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A Capsule (from the Latin capsula, a small box), is a term in botany for a dry seed vessel, as in the poppy, iris, foxglove[?], etc., containing one or more cells. When ripe the capsule opens and scatters the seed. The word is used also for a small gelatinous case enclosing a dose of medicine, and for a metal cap or cover on bottles and jars[?]. Capsules on wine bottles were historically made of lead, and protected the cork from being gnawed away by rodents or infested with cork weevil[?]. Because of research showing that trace amounts of lead could remain on the lip of the bottle, lead capsules were slowly phased out, and by the 1990s, most capsules were made of aluminum foil or plastic.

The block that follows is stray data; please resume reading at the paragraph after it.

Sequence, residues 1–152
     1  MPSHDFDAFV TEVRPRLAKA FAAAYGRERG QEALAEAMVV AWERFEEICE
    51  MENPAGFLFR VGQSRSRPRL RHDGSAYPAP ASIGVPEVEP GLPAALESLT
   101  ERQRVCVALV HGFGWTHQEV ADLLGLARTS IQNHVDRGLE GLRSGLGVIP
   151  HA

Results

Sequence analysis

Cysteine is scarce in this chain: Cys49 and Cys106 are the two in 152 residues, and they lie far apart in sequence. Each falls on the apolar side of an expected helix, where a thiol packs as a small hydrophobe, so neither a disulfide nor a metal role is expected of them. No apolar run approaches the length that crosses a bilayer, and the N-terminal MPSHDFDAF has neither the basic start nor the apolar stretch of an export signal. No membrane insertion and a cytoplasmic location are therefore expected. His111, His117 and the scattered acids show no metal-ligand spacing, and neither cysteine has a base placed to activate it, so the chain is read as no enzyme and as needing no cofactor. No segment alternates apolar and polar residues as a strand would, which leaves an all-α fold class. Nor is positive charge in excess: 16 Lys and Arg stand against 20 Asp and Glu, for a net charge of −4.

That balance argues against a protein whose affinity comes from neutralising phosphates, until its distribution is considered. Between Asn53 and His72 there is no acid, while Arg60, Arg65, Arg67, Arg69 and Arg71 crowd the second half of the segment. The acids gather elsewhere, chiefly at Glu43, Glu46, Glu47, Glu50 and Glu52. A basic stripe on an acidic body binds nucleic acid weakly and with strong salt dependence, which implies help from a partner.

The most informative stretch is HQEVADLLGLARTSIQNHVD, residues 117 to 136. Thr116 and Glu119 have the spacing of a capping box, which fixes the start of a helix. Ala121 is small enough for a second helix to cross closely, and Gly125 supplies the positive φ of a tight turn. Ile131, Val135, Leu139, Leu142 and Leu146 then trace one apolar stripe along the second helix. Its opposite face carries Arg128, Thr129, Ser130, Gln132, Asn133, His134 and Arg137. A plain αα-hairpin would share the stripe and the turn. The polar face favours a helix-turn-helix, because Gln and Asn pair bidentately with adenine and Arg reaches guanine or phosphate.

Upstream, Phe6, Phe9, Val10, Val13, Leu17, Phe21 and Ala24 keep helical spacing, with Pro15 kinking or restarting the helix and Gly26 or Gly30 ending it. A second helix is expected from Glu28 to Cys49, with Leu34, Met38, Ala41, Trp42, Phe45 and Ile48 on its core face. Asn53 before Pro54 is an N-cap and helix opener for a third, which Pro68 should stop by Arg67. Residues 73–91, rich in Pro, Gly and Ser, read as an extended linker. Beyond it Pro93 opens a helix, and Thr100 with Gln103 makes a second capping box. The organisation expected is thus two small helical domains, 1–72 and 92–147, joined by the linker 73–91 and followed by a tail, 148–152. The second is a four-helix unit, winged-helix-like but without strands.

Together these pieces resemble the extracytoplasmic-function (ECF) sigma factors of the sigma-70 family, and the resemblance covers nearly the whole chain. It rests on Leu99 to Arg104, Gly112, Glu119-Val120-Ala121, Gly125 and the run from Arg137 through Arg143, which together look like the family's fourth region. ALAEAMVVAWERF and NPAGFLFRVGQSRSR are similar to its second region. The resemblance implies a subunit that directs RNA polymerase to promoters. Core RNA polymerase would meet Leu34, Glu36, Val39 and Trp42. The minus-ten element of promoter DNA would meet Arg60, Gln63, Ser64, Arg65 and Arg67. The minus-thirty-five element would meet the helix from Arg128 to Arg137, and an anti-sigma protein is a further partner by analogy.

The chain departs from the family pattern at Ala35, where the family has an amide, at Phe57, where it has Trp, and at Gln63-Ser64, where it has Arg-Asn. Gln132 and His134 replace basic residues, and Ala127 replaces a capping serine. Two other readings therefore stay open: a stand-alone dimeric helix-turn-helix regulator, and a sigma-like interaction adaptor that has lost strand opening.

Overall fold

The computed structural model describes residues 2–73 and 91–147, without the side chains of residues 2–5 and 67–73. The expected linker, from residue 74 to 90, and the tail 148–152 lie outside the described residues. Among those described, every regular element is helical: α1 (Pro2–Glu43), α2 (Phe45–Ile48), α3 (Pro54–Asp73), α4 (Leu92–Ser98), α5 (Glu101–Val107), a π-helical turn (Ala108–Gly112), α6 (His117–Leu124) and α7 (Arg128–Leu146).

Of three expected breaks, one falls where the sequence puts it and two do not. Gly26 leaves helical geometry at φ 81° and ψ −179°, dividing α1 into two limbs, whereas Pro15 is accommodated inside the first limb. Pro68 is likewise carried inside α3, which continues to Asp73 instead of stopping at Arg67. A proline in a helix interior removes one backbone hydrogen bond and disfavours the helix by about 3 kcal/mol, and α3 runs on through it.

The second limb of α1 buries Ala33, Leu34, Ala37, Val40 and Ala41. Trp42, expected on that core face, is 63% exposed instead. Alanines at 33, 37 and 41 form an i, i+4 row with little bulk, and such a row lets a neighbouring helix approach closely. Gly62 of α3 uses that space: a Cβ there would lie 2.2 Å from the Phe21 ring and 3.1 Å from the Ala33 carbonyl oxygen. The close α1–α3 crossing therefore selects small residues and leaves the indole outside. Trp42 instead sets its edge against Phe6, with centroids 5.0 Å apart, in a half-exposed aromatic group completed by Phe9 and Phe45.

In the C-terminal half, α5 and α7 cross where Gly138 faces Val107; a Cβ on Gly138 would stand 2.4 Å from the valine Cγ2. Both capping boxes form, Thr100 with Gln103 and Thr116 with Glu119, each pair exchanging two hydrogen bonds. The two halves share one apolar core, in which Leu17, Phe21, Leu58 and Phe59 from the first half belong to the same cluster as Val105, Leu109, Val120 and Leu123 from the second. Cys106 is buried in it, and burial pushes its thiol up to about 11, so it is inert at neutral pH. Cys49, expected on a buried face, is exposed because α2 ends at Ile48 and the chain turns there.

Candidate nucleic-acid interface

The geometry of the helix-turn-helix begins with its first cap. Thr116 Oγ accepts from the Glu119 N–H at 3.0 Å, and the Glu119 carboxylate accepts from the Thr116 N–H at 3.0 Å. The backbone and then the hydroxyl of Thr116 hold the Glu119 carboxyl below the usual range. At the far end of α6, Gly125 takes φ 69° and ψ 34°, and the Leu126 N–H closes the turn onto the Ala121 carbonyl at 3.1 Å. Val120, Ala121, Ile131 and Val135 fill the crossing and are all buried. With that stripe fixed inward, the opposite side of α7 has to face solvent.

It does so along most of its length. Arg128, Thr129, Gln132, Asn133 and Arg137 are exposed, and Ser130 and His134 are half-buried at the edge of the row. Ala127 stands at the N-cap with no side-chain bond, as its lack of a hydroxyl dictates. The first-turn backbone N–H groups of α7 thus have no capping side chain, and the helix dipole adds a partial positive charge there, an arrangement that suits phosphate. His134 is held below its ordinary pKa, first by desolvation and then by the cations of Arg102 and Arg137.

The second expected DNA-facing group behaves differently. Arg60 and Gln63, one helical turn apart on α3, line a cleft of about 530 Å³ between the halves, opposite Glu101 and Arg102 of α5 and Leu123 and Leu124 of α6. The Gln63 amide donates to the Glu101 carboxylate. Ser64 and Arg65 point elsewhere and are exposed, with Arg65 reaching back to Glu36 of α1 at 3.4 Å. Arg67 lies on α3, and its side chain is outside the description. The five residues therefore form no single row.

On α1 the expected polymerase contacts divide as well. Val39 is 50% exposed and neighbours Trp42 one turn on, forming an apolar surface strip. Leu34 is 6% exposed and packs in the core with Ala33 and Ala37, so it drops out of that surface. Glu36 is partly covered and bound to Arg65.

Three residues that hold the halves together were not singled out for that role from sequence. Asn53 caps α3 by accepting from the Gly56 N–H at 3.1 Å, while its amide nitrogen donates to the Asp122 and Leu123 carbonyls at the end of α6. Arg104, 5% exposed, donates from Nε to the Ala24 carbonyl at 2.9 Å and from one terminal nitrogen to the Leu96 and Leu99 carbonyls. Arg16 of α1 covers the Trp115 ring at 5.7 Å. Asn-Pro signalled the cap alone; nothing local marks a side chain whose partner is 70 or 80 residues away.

In anatomy the term is used to denote a cover or envelope partly or wholly surrounding a structure. Every diarthrodial joint possesses a fibrous or ligamentous capsule, lined with synovial membrane, attached to the adjacent ends of the articulating bones. The term is particularly applied to the sac which encloses the crystalline lens of the eye; to Glisson[?]'s capsule, a thin areolar coat of fibrous tissue lying inside the tunica serosa of the liver; to the glomerular capsules in the kidney substance; to the suprarenal capsules, two small flattened organs in the epigastric region; and to the internal and external capsules of the brain.

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